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Collaborating on Collaboration. K. Burrell A. Fazio A . Pepenella Saturday May 14, 2011 – 5P42. Agenda. Introductions What is collaboration? Collaboration as an effective way of learning Collaborative assessment Making use of technology and space Collaborative activities and models

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Collaborating on Collaboration

K. Burrell

A. Fazio

A. Pepenella

Saturday May 14, 2011 – 5P42


  • Introductions

  • What is collaboration?

  • Collaboration as an effective way of learning

  • Collaborative assessment

  • Making use of technology and space

  • Collaborative activities and models

  • Application activity

  • Conclusion

What is collaboration?

  • Placemat Exercise

col·lab·o·ra·tion (n)

  • typically working together with one or more people in order to achieve something

  • methodologies and environments where learners engage in a common task

  • each party is dependent on and accountable to the other in varying degrees

  • usually as group work to:

    • search for understanding, meaning, solutions, or to produce something about their learning

  • reorganizes typical student-teacher roles

  • can include:

    • writing, group projects, joint problem solving, debate, study groups, others

  • Educause: Learning

Think about it…

What is your greatest concern about teaching collaboratively?


Think about the following statement:

In your experience, collaboration with others is an effective way of learning.



2. Move to the area of the room where the sign is placed which indicates your stance and wait for further instruction.


  • In your corner divide into groups of 2-4.

  • In your groups of 2-4, discuss why you made the decision to stand there (you have approximately three minutes).

  • Be prepared to share your own response or your group’s response(s).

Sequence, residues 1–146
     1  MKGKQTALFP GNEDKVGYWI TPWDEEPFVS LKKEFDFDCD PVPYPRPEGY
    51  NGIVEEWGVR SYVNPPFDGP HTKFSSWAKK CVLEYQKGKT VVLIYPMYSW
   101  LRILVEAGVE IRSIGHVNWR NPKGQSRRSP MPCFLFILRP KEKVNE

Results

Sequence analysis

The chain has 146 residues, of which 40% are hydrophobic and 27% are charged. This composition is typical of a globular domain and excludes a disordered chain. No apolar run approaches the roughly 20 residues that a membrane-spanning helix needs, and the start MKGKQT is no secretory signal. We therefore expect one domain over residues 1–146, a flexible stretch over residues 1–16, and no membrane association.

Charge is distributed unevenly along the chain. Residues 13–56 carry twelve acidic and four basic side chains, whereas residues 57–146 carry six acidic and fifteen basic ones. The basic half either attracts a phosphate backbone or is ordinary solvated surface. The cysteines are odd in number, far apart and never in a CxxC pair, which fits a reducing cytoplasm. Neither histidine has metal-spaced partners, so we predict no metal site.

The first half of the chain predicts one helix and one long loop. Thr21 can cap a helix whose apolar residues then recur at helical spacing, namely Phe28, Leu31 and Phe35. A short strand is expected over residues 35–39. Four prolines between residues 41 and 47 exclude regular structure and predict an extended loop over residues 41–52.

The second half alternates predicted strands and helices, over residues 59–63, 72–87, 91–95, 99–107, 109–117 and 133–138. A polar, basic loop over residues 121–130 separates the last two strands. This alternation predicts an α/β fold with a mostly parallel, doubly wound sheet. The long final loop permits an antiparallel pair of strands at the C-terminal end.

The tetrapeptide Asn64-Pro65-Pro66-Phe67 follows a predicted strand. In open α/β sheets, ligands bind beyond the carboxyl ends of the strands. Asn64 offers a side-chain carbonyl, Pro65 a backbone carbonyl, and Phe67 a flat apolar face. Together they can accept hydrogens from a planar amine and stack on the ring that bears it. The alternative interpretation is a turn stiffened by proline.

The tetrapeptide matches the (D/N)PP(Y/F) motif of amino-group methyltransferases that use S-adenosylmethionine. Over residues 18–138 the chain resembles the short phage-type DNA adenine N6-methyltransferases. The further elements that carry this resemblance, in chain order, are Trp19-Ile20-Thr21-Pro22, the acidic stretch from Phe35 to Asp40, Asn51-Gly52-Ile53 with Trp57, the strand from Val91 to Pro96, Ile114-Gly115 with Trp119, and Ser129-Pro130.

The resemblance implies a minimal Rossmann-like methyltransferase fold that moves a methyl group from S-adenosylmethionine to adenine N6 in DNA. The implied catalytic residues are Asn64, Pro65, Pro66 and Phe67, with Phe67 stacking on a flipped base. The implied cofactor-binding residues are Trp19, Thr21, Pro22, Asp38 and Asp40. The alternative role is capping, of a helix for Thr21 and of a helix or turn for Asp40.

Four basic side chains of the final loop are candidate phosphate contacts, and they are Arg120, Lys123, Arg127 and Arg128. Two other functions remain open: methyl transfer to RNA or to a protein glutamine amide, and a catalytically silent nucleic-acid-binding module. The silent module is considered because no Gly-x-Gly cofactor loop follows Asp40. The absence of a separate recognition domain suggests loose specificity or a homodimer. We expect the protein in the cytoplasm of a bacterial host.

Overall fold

FOUR CORNERS ACTIVITY: Activity Conclusion

  • Move back to where you were originally sitting.

  • Share your responses with the class.


  • What did you like/dislike about this method of collaborative learning?

  • Could you use this where you work?

  • Where do you think this would be most appropriate?

Collaborative Assessment

According to Black & William (1998) there is a considerable evidence that assessment, when practised effectively, can improve student learning.

Collaborative Assessment

Collaborative Assessment

  • “Assessment for learning”

  • learning is defined as ‘meaning-making’ rather than ‘acquiring’ information

  • Formative assessment as "practice."

  • Collaborative Assessments are Formative Assessments

  • Used specifically to enhance learning processes or performances, rather than just measure them.

    (Watkins, 2004; Hargreaves, 2007)

Collaborative AssessmentThe Process


In the moment observations

Questioning strategies

Self and peer assessment

Group assessment

Student record keeping

Grading for attendance

Reflection assignments

Application projects

Interplay of private and public reflection

Behaviours (Increase)

Applying knowledge

Learning to learn

Problem solving

Awareness of self

Communication fluency

Making sound moral judgements

Active, involved, exploratory

Performance in formal exams

Positive attitude towards course content

Collaborative AssessmentMethods

(Garrison, 2011; ARG, 2002; Watkins, 2001; Watkins, 2004)

Collaborative AssessmentConsiderations

(Webcast, D. Reeves)

  • Goals the educator intends to reach

  • Consequences of the evaluation

  • Assessment could be subjective

  • Generally summative assessment is applied to collaborative learning environment

  • Consistency with Learning objectives, learning environment & learning assessment